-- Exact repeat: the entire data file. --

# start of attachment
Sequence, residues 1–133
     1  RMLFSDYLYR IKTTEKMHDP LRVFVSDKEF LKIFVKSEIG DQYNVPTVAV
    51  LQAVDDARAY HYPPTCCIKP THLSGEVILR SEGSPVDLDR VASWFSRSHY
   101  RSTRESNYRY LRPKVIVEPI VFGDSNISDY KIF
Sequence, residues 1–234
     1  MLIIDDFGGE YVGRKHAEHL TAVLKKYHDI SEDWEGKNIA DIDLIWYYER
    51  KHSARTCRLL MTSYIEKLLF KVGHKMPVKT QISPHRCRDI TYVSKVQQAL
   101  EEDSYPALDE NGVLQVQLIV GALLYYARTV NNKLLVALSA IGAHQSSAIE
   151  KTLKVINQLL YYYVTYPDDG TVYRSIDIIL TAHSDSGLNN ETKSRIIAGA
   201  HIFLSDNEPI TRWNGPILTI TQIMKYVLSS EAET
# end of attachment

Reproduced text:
Sequence, residues 1–133
     1  RMLFSDYLYR IKTTEKMHDP LRVFVSDKEF LKIFVKSEIG DQYNVPTVAV
    51  LQAVDDARAY HYPPTCCIKP THLSGEVILR SEGSPVDLDR VASWFSRSHY
   101  RSTRESNYRY LRPKVIVEPI VFGDSNISDY KIF
Sequence, residues 1–234
     1  MLIIDDFGGE YVGRKHAEHL TAVLKKYHDI SEDWEGKNIA DIDLIWYYER
    51  KHSARTCRLL MTSYIEKLLF KVGHKMPVKT QISPHRCRDI TYVSKVQQAL
   101  EEDSYPALDE NGVLQVQLIV GALLYYARTV NNKLLVALSA IGAHQSSAIE
   151  KTLKVINQLL YYYVTYPDDG TVYRSIDIIL TAHSDSGLNN ETKSRIIAGA
   201  HIFLSDNEPI TRWNGPILTI TQIMKYVLSS EAET